On Friday, November 9, the Board of Trustees unanimously voted to fully divest Whitman College from the fossil fuel industry.
“I think it’s a really powerful statement that we’re at least more committed than we used to be towards ethical investing,” said senior Tyee Williams. “And that we do take into account the ethical considerations surrounding fossil fuels and hopefully other things.”
“I think just in terms of the statement it makes, it’s a really big move in fighting for climate justice in the world.”
Whitman has invested $6.6 million in the fossil fuels industry for as long as they’ve had an endowment, and these investments have ranged between 1 and 2% of Whitman’s total endowment, according to ASWC Sustainability Director, senior Genean Wrisley.
Divest Whitman, a student group dedicated to Whitman’s divestment from the fossil fuel industry, has been urging the Board to divest for the past six years.
Wrisley said students’ commitment to divestment began in 2013 when the incoming first-year class read “Eaarth” by Bill McKibben, who started the divestment movement, followed by a speech by McKibben on campus.
Since then, students have protested yearly at Board of Trustee meetings. They have had different asks each year–originally they had asked for a 1% cap on fossil fuel investments, this year they asked for coal divestment.
In an unexpected turn of events, the Board of Trustees unanimously voted for full divestment.
Wrisley said that as the ASWC Sustainability Director, she had to attend the Board meeting to present to the Board along with the VP of Nominations Christina Dias and VP of Diversity, Equity, and Inclusion Adyiam Kimbrough.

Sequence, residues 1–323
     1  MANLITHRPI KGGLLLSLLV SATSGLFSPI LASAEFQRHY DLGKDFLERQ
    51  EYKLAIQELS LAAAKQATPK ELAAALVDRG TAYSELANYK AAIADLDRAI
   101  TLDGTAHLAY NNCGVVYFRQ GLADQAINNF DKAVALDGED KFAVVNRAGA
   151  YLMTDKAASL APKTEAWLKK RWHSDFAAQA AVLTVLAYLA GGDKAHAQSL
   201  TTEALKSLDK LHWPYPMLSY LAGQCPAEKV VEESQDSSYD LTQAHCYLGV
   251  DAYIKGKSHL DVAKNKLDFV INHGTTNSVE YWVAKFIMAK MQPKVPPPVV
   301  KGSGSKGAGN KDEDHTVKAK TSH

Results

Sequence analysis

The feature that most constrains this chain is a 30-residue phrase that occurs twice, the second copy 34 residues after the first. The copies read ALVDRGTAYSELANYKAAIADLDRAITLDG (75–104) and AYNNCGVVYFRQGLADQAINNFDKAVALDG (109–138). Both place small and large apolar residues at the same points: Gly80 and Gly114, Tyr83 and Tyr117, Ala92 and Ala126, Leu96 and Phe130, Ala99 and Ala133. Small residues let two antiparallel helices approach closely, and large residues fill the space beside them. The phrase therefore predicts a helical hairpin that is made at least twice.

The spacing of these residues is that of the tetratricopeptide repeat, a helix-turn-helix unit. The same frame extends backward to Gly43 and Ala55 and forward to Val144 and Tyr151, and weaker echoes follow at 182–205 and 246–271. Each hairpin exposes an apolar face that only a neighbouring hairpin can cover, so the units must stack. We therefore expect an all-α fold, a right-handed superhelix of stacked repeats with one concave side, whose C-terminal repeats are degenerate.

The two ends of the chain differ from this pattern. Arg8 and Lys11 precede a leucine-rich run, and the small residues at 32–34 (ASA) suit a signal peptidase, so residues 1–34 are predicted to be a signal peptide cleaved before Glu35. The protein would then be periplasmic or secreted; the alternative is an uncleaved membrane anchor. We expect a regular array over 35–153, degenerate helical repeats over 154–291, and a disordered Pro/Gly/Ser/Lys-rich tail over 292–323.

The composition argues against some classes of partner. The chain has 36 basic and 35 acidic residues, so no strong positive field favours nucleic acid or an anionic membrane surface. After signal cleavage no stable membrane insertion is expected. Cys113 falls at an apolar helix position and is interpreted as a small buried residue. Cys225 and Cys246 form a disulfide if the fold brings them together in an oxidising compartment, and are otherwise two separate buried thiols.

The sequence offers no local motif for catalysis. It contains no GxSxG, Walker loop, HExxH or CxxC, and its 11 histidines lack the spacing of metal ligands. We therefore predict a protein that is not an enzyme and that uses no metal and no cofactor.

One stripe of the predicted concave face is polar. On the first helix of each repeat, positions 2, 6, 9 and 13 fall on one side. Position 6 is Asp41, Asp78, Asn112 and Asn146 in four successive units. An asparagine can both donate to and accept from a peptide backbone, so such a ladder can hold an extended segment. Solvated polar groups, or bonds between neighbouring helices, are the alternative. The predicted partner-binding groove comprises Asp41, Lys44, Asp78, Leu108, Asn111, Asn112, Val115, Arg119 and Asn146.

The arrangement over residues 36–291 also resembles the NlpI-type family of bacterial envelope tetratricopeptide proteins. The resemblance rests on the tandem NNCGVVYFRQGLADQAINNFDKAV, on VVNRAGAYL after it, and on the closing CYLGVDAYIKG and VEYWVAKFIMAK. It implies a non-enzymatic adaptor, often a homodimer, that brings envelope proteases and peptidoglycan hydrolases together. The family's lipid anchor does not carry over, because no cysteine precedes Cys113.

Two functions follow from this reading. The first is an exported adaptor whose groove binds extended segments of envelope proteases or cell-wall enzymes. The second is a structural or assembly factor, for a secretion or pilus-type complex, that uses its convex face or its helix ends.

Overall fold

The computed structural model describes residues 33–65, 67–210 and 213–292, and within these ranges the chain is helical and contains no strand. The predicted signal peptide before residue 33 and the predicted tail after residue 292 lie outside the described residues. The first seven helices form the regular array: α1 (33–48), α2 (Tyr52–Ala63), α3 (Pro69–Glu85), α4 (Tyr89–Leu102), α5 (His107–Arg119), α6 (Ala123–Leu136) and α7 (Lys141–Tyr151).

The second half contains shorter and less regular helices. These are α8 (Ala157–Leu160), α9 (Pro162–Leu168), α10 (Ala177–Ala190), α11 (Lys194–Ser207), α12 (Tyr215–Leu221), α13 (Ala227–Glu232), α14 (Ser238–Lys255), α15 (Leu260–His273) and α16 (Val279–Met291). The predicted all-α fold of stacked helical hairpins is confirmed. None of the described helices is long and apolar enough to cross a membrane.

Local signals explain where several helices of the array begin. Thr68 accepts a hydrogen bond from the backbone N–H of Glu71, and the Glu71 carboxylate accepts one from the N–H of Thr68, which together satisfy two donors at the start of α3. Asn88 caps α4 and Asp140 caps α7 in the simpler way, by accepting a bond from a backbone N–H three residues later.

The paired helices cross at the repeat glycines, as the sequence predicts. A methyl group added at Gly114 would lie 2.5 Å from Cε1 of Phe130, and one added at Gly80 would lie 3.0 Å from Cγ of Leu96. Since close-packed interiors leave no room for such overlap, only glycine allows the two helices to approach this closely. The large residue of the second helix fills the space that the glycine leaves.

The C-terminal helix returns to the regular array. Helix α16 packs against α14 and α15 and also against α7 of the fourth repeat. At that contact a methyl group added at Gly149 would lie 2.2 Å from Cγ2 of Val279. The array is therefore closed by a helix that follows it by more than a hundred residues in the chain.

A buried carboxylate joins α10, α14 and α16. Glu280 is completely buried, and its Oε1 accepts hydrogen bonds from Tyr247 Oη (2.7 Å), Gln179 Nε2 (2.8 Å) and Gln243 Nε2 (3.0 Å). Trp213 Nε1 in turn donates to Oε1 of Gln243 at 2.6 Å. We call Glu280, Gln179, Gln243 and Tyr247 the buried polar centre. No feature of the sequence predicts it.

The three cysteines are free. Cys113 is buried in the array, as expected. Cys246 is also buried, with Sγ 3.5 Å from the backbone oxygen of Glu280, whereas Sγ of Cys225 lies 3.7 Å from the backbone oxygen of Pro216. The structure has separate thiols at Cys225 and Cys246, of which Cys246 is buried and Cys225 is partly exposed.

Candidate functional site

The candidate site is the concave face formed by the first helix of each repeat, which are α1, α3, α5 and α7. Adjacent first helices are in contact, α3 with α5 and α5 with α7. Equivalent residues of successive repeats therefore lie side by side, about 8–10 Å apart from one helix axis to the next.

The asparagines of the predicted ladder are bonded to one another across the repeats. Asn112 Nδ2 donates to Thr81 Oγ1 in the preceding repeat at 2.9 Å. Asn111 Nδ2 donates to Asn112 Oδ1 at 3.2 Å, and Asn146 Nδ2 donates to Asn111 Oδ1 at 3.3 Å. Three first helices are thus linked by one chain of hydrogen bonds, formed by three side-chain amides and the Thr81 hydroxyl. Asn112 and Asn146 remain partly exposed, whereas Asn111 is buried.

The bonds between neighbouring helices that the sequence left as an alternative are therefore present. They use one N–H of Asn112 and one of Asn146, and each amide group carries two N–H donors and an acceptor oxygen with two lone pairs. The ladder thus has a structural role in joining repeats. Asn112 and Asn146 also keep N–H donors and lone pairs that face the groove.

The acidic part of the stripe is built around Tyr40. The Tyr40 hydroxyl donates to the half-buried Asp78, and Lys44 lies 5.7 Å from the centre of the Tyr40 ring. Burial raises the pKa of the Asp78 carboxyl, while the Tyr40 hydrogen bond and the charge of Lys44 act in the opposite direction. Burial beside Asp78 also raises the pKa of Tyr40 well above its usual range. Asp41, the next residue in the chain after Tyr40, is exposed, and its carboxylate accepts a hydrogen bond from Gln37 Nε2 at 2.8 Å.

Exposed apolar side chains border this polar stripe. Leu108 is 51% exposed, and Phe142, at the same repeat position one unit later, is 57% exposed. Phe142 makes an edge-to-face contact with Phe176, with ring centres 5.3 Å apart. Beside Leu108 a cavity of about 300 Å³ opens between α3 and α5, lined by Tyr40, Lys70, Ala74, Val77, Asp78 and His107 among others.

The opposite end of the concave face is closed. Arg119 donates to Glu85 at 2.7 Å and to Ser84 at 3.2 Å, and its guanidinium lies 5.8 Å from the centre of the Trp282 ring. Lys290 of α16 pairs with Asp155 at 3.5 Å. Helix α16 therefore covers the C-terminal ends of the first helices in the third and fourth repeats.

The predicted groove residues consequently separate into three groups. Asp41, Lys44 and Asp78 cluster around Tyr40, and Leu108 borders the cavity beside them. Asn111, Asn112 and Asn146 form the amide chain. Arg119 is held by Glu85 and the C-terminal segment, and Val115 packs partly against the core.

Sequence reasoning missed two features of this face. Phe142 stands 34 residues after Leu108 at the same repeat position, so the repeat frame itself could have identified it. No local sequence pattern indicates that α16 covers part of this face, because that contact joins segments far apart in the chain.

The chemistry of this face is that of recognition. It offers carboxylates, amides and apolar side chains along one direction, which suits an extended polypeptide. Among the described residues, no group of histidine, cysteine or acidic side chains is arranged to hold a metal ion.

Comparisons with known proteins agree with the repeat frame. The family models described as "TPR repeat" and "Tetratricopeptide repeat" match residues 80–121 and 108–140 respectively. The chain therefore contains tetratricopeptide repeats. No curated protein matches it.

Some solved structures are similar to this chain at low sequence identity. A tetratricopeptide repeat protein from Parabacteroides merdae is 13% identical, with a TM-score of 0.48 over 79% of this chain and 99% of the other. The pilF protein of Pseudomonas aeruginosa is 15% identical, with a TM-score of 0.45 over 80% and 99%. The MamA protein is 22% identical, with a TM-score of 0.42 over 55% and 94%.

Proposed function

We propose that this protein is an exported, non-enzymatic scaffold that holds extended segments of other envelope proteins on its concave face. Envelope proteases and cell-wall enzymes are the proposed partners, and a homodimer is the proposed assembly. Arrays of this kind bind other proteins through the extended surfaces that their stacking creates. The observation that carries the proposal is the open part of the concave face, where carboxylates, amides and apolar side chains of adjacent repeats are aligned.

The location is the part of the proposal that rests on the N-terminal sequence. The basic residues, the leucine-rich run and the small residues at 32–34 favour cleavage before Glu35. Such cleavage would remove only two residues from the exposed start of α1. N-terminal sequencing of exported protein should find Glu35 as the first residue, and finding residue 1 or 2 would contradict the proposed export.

“So the three of us walked in and were asked to introduce ourselves and then Nancy [Serrurier], who’s the board chair currently, explained that the Board had voted unanimously to divest from the top 200 fossil fuel companies,” said Wrisley. “And then I asked some clarifying questions because I was like, ‘this can’t be true, this is just so wild, like I don’t understand.’”
“And then I had to sit with that knowledge for like 30 minutes and not be able to tell anyone else while we were presenting to the Board which was really difficult because so many people were waiting for this decision and have worked so hard on this for so long.”
Wrisley left the Board meeting to congratulatory calls and texts, many from alumni.
“I think right now so many people in the Whitman community, both at Whitman and people who have graduated, are like here with us even though they’re not physically here and are just so excited about this,” said Wrisley.
Williams, an active member of Divest Whitman, gives credit to many alumni for influencing the Board’s decision.
“I think there was a ton of work put in, not just us, but people who were attending Whitman before we were who laid a lot of the groundwork for what is happening now,” said Williams.
Wrisley added that many alumni refused to donate to the college until Whitman agreed to divest.
She also said students, even ones who weren’t involved in Divest Whitman as a group, were influential in the decision. Everything from showing up to an event, hanging up a poster, reading a poster and liking an event on Facebook have helped, she said.
“Whitman has a history of not hearing student voices and I think this gives a lot of students a lot of hope, because there are a lot of things that Whitman is still invested in that are not good, but this win is so big in that movement and giving students hope,” said Wrisley. “And hopefully creating a more activist campus once students realize that if they do push for something, there is a potential to win.”
“I don’t think any of the seniors thought we would see divestment at this school within our Whitman lifetime, so that’s wild.”
“It think it’s just a testament to student power,” added Williams. “And the fact that we can enact change with persistent action.”